Burnham: PM's £12m offer for Manchester Arena bombing costs 'not good enough'

Theresa May has made an offer to pay for the costs of this year's Manchester Arena bombing which falls £5 million short of what local authorities say is needed.

Greater Manchester Mayor Andy Burnham has said the Prime Minister's offer is "not good enough" and called on the Government to make good on promises to fund the response to the outrage.

Government sources said Manchester had been assured it will receive £12 million, with £3 million being made available immediately.

But Mr Burnham said the actual cost to local councils, emergency services and NHS facilities is at least £17 million.

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Describing a letter from Mrs May as "inconclusive", he said: "Here we are, six months on from the attack, at the end of Budget week, and we still don't have an answer.

"The reason that matters is we are left with the bill. That will mean we have to cut public services to cover those costs. It's not acceptable for us to be left in this position.

"Having received this letter today I need to send a message straight back to the Government on behalf of Greater Manchester to say, while we appreciate the letter, it's not good enough and we expect these costs to be paid."

Mr Burnham said the offer to Manchester contrasted with the Government's coverage in full of the costs incurred due to the Grenfell Tower fire tragedy in the London borough of Kensington and Chelsea.

Andy Burnham with police outside the Manchester Arena (PA)
Andy Burnham with police outside the Manchester Arena (PA)

"It was said to us at the time, whatever we need will be there," he said. "It was said to many of us at the time, and I think we can expect those words to be honoured.

"It is not the case that we can just be paid the majority, or what the Government considers to be reasonable. We are not trying it on here - we are not sending in a bill that is inflated in any way. These are the costs."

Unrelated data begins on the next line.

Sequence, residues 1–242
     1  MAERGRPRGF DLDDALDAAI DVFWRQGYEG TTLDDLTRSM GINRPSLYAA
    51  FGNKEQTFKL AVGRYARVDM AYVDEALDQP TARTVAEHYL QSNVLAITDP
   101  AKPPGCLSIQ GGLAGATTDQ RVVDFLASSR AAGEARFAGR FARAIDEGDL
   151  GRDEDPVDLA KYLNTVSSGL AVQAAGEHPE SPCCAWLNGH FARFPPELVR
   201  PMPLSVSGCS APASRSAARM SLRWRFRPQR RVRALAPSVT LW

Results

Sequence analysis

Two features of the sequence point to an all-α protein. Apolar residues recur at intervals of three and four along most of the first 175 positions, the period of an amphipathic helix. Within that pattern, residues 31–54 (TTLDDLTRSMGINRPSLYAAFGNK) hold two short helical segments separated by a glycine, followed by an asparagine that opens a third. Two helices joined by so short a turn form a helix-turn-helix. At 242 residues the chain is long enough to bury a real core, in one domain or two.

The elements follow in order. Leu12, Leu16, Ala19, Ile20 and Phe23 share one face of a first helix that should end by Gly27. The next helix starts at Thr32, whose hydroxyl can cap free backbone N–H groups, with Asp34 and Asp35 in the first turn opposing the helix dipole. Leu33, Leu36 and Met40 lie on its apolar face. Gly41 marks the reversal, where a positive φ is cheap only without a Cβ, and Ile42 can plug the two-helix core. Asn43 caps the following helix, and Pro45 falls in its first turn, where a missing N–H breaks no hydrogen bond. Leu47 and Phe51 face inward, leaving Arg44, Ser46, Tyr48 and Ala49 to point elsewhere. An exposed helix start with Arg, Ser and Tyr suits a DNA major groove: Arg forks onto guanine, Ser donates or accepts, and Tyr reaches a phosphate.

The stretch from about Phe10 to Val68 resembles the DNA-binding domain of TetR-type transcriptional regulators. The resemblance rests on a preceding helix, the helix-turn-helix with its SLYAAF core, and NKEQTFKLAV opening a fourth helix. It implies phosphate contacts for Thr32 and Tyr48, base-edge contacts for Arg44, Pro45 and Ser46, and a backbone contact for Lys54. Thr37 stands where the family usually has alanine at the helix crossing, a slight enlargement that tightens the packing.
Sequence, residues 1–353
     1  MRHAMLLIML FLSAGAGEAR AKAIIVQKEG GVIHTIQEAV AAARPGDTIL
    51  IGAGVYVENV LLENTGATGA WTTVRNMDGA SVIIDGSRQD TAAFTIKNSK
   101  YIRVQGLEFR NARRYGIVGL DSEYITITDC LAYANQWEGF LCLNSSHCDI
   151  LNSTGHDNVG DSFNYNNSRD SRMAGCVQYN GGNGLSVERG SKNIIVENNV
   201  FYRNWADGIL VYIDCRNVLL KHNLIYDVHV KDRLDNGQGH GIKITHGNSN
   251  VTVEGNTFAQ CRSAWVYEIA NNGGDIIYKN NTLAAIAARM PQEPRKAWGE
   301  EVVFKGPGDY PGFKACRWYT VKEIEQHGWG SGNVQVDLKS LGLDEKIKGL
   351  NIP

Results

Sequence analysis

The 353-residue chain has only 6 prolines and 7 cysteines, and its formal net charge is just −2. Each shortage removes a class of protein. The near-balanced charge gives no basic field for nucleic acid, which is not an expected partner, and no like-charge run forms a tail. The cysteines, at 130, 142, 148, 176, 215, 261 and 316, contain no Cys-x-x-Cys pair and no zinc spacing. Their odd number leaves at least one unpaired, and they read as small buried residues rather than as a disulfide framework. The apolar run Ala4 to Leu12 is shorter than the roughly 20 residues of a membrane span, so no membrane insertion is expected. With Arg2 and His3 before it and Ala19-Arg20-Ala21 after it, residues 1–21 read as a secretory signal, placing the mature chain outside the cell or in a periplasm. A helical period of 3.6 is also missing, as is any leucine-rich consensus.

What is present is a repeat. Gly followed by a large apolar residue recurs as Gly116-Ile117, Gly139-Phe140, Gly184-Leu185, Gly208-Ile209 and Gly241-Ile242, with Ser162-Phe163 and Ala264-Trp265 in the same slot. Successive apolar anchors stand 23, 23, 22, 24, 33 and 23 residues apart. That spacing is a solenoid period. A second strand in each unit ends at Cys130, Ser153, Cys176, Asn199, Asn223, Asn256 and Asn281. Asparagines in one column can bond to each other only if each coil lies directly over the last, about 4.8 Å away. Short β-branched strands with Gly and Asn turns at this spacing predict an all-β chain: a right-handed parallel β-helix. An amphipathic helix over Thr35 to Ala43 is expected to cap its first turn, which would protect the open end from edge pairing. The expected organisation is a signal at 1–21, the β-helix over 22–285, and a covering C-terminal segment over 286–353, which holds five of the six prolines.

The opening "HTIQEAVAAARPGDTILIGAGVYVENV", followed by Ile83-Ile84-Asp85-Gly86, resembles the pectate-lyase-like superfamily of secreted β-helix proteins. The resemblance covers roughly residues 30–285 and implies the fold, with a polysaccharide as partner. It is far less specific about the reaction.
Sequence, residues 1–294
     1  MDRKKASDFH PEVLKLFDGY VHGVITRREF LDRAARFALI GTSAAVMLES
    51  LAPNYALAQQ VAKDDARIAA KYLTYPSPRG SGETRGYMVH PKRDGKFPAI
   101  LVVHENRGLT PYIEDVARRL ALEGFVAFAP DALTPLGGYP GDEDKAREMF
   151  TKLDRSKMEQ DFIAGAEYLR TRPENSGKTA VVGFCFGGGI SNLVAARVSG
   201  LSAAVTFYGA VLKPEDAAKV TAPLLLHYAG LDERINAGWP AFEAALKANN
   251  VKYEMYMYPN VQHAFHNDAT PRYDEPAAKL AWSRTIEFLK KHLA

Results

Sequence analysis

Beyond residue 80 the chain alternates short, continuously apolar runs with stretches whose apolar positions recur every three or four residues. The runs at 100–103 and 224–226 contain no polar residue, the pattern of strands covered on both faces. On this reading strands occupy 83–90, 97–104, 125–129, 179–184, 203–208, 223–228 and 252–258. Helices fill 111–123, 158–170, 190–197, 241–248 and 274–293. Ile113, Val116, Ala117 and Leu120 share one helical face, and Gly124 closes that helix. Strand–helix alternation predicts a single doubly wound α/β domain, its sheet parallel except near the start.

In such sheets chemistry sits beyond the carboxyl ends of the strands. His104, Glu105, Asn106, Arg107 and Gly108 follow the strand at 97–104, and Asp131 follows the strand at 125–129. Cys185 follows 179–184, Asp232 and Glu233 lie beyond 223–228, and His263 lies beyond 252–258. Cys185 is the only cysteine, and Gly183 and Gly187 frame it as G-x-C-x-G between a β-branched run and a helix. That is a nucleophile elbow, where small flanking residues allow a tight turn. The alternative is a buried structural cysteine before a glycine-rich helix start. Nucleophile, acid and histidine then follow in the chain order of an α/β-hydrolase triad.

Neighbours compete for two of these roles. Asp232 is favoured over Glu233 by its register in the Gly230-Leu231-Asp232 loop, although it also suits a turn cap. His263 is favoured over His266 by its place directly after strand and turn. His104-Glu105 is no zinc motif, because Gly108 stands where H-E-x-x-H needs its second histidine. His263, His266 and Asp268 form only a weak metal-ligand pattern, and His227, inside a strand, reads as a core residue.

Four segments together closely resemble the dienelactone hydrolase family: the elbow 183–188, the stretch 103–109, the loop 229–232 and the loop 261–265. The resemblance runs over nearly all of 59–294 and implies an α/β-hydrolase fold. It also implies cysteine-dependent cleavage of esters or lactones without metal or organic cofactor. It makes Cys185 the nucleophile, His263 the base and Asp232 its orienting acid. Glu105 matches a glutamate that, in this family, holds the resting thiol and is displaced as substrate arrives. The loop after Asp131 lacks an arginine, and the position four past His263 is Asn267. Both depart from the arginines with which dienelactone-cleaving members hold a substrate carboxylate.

A Government spokesman said: "We are absolutely committed to ensuring the victims of this terrible attack and Greater Manchester have all possible support.

"We have given strong assurance Manchester will receive £12 million. That includes £3 million being paid now and a further £1 million being made available to support the We Love Manchester Emergency Fund.

Flowers and tributes left in St Ann's Square in Manchester after the attack (PA)
Flowers and tributes left in St Ann's Square in Manchester after the attack (PA)

"This is an ongoing process and the Government stands by its commitment to provide all necessary further assistance."

But Manchester Central MP Lucy Powell said the Government's response left "many questions unanswered" about the money the city would receive.

She told the Press Association: "It's not just the combined authority and the police, but Manchester City Council directly has been supporting many of the families... the health services - there's huge implications for budgets which are currently being finalised for next year.

The PM told me "majority". It really does need to be ALL. This is what the government said at the time. I've tabled a further parliamentary question on this for answer by Monday. https://t.co/5pvG2duCzH

-- Lucy Powell MP (@LucyMPowell) November 24, 2017

"It's also not in the spirit of what the Government said at the time, which is that they would meet all the costs and to find out at this late stage that that's all up for negotiation is just not on."

Some 22 people were killed by the suicide bomb attack on a concert by pop star Ariana Grande at the Manchester Arena on May 22. A further 16 people were very seriously injured and a total of 512 people were either physically injured or left profoundly traumatised, with 112 treated in hospital.

A pre-inquest hearing into the deaths of the 22 victims was adjourned on Friday until June next year.

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